In 1972, nearly all the great nations of the world joined Richard Nixon in declaring war on cancer. At the time it was the 8th leading cause of death, and many of the world’s greatest minds dedicated their lives to curing this terrible disease. Today, almost 50 years later, cancer is our number one cause of death. Not only that but in the coming years, it is expected to increase by as much as 50 percent, to epidemic proportions. The only thing that’s ever made sense to me is that we’re looking in the wrong place.
There’s a point I like to make in my workshops sometimes where I ask anyone in the audience who has a serious illness to raise their hands—cancer, heart disease, diabetes, anything like that. Usually, a few people would raise their hands for each thing, but next, I tell them, “Anyone who didn’t raise their hands for everything is wrong.” We all have the genes for all of these things inside us, the question is whether they will ever manifest.
So what determines whether they manifest? In a word: stress. According to Dr. Bruce Lipton, the only way a cell can manifest a disease gene is when it is in a state of internal stress. Where does that stress come from? Well, it comes from the things we’ve been talking about for the last few weeks, from what ancient manuscripts call the heart, and what modern science calls the unconscious mind.
One of my favorite examples is driving to get a pizza—just an average interaction that you might do on any normal day of the week. Now, when you decide to do this, you’ll tend to form a picture in your mind of how you think that interaction will go. Generally, that expectation will be a pleasant drive, good weather, no traffic… there and back with no problems. Needless to say, that’s not always how these things go.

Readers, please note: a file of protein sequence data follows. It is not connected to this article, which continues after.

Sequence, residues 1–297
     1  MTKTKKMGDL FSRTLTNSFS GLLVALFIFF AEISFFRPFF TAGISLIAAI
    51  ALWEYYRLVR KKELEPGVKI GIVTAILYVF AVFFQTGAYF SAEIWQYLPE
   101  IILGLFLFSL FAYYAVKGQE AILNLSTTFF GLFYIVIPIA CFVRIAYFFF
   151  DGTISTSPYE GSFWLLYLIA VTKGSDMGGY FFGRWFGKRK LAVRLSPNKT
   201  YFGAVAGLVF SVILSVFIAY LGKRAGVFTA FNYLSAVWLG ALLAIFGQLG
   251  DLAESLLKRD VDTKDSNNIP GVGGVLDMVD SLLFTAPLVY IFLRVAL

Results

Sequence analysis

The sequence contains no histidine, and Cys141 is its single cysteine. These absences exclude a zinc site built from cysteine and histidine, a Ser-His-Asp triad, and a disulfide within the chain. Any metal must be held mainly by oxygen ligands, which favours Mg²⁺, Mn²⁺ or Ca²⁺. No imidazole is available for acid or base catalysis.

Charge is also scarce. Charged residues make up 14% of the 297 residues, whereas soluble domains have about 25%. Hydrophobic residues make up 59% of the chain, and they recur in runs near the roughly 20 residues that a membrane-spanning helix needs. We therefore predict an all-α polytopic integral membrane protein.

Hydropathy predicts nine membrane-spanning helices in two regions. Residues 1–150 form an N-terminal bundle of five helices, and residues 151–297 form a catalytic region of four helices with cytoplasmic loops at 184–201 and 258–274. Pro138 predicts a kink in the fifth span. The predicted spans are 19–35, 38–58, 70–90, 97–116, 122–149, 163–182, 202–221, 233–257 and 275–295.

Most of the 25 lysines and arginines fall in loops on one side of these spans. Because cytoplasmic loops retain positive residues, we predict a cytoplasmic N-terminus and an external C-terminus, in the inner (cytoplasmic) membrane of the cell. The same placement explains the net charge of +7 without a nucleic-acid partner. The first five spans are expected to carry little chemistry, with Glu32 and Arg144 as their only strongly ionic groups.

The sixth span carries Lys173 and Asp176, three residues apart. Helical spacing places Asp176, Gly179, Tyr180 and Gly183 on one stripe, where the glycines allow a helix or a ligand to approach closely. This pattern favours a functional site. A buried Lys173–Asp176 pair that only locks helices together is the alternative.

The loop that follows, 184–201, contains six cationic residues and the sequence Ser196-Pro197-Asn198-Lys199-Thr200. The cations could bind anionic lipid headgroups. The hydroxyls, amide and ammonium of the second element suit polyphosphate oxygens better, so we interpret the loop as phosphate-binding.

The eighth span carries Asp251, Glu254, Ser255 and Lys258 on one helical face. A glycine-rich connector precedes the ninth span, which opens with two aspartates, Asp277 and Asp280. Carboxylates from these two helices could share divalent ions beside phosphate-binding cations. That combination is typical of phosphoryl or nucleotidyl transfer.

The key here is that expectations create stress when they aren’t met. This was another finding from Dr. Lipton in a study he conducted at Harvard University, where his ultimate conclusion was, “expectations are a happiness killer.” This is exactly the sort of thing we’re talking about when we talk about Solomon’s advice to “guard your heart above everything else” and to “take every thought captive.” This isn’t only spiritual advice, the way we manage our thoughts reflects onto both our heart and body, which influences everything, physical included.
One of the most formative experiences of my early medical career was watching an interview with Dr. Irving Kirsch on 60 Minutes, where he came right out and said, “antidepressants don’t work.” He explained that pharmaceutical companies aren’t required to submit all of their trial results, they can pick and choose which ones to submit. Naturally, they tend to submit only the more successful ones. Dr. Kirsch had gone to these companies and looked up the full records of many of the popular drugs of the time—especially antianxiety drugs—and concluded that they did not outperform placebos. So what was his solution? Start prescribing placebos instead.
It sounds crazy, right? But think through the logic. We’ve all seen those drug commercials that end with a comically long list of awful side effects. Sugar pills don’t have any side effects, and placebos really do have a statistically measurable effect. So if the real drugs aren’t doing any better, why wouldn’t we use them?
My point here isn’t that you should stop using pharmaceuticals. But think about what “placebo” means. There are three types of belief: placebo means believing something that’s not true. For example, that a sugar pill is actually a drug targeted to your condition. Then there’s nocebo, which means not believing something that really is true. Finally, there’s de facto belief, believing positively in the truth.
So consider this, if placebo is really that powerful (generally effective about 30 percent of the time), how powerful is de facto belief? The most defining beliefs in our life reside in the unconscious mind, in the heart, which in turn governs nearly everything about our day-to-day life: peace, happiness, stress, and even health. This isn’t to say you’ll never be sick, but modern science is continuously revealing that we were meant to live to 120 years old and to be predominantly healthy all through that time. Countless doctors, and even in the Center for Disease Control are coming out with the position that stress is the source of at least 95 percent of illness and disease. Solomon had it right all those thousands of years ago, our best defense against this is to guard our heart.
Have a blessed, wonderful day!